On February 8, 2002, the Gallup Organization released the results of a poll concerning American attitudes toward the 19th Winter Olympic Games in Salt Lake City, Utah. The poll results were based on telephone interviews with a randomly selected national sample of 1,011 adults, 18 years and older, conducted February 4-6, 2002.
a. Suppose we wish to use the poll’s results to justify the claim that more than 30 percent of Americans (18 years or older) say that figure skating is their favorite Winter Olympic event. The poll actually found that 32 percent of respondents reported that figure skating was their favorite event. If, for the sake of argument, we assume that 30 percent of Americans (18 years or older) say figure skating is their favorite event (that is, p = .3), calculate the probability of observing a sample proportion of .32 or more: that is P(p> or – .32).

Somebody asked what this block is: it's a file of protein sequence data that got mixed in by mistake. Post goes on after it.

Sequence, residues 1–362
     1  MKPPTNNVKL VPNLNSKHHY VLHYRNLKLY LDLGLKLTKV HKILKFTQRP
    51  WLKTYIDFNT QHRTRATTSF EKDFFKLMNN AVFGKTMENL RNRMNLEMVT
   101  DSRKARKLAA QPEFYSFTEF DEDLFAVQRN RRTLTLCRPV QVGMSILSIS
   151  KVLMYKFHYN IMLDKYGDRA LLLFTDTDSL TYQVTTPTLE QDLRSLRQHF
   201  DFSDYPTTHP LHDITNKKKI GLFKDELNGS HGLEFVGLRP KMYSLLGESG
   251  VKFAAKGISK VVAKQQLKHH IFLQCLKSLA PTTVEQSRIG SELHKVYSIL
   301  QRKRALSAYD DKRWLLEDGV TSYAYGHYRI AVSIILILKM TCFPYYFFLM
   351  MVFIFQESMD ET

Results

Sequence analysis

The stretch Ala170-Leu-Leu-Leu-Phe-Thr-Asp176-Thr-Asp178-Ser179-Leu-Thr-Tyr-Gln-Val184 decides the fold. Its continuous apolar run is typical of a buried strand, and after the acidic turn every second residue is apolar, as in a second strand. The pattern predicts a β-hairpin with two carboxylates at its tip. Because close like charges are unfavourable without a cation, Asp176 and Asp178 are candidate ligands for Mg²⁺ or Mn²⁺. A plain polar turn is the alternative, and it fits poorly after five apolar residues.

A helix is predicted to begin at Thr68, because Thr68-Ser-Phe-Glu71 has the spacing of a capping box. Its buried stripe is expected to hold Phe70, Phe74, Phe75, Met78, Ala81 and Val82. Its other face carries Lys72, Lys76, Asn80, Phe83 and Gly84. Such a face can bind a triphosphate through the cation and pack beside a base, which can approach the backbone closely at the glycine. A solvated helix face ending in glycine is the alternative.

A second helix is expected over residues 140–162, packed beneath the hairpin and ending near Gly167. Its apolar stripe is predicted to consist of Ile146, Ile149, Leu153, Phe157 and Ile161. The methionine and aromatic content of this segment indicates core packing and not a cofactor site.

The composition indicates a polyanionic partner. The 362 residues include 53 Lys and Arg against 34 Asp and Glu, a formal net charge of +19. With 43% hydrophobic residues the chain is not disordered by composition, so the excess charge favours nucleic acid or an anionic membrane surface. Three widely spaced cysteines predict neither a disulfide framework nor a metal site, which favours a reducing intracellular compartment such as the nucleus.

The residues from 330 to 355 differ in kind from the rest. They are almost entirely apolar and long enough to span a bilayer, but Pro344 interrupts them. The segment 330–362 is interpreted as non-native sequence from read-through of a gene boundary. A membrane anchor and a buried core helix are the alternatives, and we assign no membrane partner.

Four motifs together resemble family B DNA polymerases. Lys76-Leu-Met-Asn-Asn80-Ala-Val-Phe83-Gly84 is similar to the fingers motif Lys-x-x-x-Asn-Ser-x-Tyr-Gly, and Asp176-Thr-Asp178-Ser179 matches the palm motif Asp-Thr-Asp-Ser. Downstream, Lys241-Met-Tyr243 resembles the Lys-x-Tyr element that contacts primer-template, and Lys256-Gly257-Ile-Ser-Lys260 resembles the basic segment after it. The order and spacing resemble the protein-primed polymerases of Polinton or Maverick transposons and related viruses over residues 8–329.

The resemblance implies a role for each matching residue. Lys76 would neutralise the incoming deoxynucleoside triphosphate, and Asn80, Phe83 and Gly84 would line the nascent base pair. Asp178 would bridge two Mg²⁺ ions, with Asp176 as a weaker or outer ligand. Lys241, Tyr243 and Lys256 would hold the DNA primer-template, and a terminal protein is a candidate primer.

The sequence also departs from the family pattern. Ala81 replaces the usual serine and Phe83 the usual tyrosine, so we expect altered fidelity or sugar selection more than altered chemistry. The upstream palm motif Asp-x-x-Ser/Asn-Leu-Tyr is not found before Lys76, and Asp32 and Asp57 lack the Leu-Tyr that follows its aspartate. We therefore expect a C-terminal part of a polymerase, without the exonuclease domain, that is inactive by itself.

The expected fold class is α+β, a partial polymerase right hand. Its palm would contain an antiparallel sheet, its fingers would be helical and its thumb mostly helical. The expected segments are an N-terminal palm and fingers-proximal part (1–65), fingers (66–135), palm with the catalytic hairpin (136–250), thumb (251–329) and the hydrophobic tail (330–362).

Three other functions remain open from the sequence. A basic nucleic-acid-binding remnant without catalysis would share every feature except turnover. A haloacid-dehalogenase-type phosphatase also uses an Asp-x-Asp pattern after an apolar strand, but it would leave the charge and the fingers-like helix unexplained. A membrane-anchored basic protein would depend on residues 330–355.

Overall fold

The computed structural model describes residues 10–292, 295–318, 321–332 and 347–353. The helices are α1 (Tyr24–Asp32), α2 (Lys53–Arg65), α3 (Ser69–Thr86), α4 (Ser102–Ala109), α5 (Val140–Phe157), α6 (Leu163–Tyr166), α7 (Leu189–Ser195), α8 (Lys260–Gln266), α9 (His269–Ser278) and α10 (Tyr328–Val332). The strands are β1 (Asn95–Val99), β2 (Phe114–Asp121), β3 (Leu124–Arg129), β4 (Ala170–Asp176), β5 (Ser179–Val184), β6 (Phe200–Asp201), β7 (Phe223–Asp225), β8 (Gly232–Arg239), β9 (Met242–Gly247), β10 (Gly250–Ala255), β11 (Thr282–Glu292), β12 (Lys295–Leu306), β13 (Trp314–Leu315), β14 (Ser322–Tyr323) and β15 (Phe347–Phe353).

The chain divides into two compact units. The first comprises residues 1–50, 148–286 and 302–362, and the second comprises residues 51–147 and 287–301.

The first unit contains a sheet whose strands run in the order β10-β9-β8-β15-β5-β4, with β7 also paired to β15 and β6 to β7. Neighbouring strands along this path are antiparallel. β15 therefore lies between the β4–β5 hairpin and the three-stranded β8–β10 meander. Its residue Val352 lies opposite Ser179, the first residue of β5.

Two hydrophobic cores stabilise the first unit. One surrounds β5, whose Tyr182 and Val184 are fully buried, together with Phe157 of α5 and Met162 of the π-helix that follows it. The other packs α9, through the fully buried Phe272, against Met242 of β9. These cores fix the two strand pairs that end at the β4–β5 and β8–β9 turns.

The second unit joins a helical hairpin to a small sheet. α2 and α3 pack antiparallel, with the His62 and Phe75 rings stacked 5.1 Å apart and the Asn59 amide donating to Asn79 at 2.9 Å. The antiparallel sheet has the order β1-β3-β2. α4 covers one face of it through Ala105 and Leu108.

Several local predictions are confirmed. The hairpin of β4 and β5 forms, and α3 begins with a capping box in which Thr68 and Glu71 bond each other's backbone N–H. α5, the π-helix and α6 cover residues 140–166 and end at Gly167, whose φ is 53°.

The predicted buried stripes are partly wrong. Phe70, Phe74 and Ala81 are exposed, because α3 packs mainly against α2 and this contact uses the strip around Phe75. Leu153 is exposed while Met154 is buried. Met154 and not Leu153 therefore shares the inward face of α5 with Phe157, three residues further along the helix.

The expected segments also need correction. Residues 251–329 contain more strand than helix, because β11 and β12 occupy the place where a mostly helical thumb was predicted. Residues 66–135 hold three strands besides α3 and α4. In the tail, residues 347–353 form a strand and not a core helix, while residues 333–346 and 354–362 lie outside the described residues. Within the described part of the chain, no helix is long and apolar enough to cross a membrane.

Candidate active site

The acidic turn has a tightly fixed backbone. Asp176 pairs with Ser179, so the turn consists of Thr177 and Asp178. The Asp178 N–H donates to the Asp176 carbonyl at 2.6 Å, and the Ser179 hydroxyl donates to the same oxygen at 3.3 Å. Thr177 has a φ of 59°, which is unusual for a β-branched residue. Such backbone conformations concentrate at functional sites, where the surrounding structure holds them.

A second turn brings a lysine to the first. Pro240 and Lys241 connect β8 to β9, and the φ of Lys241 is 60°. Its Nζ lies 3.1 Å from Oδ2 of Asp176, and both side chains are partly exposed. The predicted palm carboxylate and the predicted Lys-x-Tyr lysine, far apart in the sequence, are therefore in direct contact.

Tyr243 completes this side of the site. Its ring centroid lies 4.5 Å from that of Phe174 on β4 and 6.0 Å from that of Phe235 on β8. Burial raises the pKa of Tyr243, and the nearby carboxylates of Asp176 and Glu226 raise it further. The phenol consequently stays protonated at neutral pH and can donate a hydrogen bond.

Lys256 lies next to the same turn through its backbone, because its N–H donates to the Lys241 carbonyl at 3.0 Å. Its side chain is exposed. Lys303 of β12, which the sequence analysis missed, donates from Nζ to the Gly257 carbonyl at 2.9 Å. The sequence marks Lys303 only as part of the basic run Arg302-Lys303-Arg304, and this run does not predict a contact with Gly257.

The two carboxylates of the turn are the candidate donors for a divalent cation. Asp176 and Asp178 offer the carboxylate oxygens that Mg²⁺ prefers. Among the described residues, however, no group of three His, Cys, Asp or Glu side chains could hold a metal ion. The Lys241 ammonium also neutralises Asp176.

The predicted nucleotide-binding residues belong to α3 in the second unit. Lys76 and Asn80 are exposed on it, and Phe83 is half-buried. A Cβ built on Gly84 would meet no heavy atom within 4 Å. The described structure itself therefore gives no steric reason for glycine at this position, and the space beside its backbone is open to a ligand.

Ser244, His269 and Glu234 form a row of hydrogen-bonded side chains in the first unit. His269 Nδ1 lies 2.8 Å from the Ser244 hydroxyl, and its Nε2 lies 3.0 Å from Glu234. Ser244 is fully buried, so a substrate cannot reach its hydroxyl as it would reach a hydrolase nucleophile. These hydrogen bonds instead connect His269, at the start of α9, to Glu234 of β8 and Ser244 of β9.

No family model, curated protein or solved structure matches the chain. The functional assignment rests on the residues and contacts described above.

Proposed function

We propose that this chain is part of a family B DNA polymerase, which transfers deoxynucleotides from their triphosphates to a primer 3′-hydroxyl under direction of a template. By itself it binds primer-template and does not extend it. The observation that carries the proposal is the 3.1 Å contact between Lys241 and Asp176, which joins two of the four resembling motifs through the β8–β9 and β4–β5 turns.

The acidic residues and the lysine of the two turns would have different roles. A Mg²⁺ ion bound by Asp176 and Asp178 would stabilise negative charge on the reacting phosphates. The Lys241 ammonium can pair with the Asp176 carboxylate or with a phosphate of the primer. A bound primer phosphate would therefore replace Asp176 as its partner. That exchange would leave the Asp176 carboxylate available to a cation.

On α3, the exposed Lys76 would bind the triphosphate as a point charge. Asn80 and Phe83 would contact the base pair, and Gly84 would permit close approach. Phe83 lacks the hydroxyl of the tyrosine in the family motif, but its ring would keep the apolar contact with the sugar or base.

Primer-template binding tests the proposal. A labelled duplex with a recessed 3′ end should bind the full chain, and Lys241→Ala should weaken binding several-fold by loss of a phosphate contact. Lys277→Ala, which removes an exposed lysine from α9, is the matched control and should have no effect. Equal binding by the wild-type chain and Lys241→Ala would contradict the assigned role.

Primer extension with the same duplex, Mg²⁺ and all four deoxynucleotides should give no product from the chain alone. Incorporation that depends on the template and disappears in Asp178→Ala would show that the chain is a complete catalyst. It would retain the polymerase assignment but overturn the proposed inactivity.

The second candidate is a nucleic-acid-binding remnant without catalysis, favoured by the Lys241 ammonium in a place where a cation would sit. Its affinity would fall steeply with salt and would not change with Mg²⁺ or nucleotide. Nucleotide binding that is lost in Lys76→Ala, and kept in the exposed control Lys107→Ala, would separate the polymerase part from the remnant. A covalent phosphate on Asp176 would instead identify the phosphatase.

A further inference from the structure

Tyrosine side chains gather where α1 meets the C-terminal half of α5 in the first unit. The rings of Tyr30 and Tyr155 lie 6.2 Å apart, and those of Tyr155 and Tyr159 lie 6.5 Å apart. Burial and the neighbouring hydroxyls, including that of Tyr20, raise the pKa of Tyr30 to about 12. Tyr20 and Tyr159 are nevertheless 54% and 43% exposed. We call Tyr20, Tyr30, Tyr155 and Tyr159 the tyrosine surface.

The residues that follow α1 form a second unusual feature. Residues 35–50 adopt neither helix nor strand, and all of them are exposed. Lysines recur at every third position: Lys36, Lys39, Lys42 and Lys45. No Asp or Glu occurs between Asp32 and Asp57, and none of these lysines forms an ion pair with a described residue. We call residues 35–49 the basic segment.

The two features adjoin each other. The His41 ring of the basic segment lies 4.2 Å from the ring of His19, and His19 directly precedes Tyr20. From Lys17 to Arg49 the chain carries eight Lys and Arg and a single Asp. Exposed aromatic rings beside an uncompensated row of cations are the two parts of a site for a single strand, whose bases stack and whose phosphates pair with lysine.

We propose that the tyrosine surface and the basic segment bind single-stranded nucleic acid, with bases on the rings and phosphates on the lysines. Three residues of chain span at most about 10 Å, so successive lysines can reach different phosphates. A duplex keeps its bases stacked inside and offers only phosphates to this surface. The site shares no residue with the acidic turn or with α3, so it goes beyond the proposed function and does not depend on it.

b. Based on the probability you computed in part a, would you conclude that more than 30 percent of Americans (18 years or older) say that figure skating is their favorite Winter Olympic event?
The TJ Company claims they put 12 ounces in their can of baked beans. However, a consumer watch group believes that the TJ company is cheating customers by putting less than 12 ounces in their cans of baked beans. A random sample of 20 cans of baked beans is picked by the consumer group and it is found that the sample mean is 11.85 ounces with a standard deviation of .12 ounces. Is there sufficient evidence to support the consumer’s group’s claim? What is the Type I Error and Type II error in words?
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